For years I have been educating about the need for healthy fat in your diet, and for the sake of your health.
I haven't been alone in this effort as you may know if you follow Weston A. Price and others who know the real benefits of fat. And yes, lard counts.
And remember that canola is not considered a healthy fat and it is a trans fat, even if the following article suggests it is not. Canola is also toxic to your liver and too monounsaturated for health as well as being for the most part a GMO substance. Please read our articles about canola or request the mot recent issue of our newsletter fmi.
submitted by Emily Main - Olive oil is sooooo five minutes ago. People who are into healthy cooking oils and fats have moved on to duck fat, real lard, goose renderings, and coconut oil, according to a new report published by the market research firm Packaged Facts and the food trend spotters at the Center for Culinary Development.
Interest in these long-forgotten, more traditional fats is all part of the back-to-the-land movement that has triggered the growth of farmer's markets and reconnected people to whole fruits and vegetables, grass-fed dairy products, and pasture-raised meats, the report's authors note. It's no longer enough for top-line chefs and adventurous home cooks to eat grass-fed steaks; those steaks need to be finished with duck fat or real butter.
And it's not just the fact that these fats are traditional or come with a sense of nostalgia. Nutrition science is beginning to turn the idea that all fat is bad for you on its head, with high-profile nutritionists like Walter Willett, professor of epidemiology and nutrition at Harvard School of Public Health and a professor of medicine at the Harvard Medical School, working to debunk the idea that low-fat diets are healthier. Many of the recommendations that we all follow regarding fat, he's found, are based on rather weak science that has been repeatedly questioned over the decades. That type of diet is also depriving people of a variety of nutrients found only in the animal fats and other cooking oils that have been demonized under the assumption that saturated fat is bad for you.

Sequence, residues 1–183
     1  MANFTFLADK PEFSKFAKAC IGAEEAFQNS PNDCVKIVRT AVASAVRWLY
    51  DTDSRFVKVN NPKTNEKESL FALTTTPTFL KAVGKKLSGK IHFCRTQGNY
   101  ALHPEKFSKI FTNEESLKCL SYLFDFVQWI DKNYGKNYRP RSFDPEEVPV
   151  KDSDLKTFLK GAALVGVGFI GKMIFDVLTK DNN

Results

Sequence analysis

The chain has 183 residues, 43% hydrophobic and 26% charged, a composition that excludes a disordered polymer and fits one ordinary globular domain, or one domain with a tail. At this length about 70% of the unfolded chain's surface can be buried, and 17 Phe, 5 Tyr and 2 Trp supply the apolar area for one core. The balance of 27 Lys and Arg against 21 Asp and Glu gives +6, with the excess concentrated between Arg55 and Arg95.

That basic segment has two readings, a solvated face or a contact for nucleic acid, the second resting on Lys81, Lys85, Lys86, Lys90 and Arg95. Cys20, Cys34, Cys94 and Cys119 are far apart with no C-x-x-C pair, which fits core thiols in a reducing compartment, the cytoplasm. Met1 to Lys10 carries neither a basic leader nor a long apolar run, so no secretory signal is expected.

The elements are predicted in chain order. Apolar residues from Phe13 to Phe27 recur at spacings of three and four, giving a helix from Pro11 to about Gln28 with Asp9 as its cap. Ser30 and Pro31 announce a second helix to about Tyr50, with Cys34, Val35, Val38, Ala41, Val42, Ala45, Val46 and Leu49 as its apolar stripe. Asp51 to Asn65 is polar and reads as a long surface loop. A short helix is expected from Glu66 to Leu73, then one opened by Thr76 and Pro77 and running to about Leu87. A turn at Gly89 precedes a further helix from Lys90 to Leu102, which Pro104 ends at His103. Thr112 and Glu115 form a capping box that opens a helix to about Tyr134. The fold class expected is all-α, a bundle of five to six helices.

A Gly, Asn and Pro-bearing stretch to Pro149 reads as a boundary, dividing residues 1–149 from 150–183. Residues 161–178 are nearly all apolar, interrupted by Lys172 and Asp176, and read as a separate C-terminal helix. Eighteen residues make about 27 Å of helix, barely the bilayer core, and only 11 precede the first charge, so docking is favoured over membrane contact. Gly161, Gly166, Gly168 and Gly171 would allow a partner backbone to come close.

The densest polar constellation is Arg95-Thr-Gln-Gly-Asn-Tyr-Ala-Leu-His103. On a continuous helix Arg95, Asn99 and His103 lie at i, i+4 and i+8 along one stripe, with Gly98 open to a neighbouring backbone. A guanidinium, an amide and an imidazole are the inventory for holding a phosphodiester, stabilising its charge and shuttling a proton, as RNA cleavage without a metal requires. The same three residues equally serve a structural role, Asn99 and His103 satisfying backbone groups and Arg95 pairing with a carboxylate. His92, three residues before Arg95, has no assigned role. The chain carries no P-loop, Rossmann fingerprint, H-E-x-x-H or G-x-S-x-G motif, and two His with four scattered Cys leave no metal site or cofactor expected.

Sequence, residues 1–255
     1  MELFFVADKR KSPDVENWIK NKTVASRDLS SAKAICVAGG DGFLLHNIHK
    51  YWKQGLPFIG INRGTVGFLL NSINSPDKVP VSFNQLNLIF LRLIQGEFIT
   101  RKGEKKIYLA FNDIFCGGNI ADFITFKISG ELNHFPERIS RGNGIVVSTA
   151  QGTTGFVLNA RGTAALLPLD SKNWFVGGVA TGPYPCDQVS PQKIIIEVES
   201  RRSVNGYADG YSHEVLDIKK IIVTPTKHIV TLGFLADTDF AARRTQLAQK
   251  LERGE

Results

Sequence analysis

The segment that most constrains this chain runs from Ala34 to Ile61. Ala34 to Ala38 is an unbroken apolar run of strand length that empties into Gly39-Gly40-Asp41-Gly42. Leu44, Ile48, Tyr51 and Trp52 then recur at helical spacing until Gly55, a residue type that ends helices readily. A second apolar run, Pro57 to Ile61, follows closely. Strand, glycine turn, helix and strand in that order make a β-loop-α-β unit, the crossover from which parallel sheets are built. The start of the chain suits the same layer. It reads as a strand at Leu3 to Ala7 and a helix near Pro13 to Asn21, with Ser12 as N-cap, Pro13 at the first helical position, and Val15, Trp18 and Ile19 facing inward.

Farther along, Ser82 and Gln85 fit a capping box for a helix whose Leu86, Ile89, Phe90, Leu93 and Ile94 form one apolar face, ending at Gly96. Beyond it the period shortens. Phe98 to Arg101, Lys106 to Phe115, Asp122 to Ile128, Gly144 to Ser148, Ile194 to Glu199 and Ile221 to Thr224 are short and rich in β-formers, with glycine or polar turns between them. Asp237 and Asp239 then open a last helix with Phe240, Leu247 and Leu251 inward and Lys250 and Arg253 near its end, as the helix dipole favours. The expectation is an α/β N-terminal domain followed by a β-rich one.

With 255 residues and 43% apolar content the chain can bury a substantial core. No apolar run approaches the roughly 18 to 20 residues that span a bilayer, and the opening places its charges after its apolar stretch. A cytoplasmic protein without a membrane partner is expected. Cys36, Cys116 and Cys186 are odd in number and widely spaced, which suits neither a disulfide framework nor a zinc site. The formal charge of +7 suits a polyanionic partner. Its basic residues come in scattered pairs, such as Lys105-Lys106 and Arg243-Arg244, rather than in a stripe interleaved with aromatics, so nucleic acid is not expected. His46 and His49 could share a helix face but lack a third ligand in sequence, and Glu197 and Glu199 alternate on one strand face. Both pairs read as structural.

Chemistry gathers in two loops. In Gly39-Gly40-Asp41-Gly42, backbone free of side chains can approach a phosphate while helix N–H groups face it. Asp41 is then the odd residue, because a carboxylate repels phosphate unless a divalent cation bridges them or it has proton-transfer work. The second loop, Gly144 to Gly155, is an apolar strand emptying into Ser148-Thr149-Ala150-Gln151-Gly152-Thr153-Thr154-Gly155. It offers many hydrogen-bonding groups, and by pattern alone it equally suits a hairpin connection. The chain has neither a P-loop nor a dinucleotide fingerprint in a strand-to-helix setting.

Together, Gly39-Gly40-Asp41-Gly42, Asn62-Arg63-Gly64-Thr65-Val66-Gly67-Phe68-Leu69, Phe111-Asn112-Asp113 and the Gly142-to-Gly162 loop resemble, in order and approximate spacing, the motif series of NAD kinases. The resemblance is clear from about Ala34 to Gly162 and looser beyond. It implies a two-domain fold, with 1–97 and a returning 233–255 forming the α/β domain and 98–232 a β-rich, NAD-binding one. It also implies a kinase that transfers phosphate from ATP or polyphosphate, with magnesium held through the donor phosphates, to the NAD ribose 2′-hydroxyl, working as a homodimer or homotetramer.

As a general rule, whatever kinds of fat you buy, keep your chemical exposures to a minimum by buying certified-organic plant oils and pastured or grass-fed animal fats.
Olive oil remains one of the healthiest oils you can drizzle over a plate of veggies, but if you're interested in branching out, here are 6 other healthy varieties of cooking oil now gaining traction in the culinary world:• Ghee. Also known as "Indian clarified butter" or "drawn butter," ghee is butter that has been melted over a low temperature so that all the water content has boiled away and the milk fats have been skimmed off (check out our instructions on how to make your own ghee). What remains is a nutty, intensely flavored fat that withstands higher cooking temperatures than butter and can even be stored in your cabinets, rather than in the fridge (it won't go rancid). Indians believe it has healing qualities. And it's even more nutritious than butter: The process of creating ghee concentrates the conjugated linoleic acid—a healthy cancer-fighter that also prevents atherosclerosis (hardening of the heart's arteries)—found in the butter.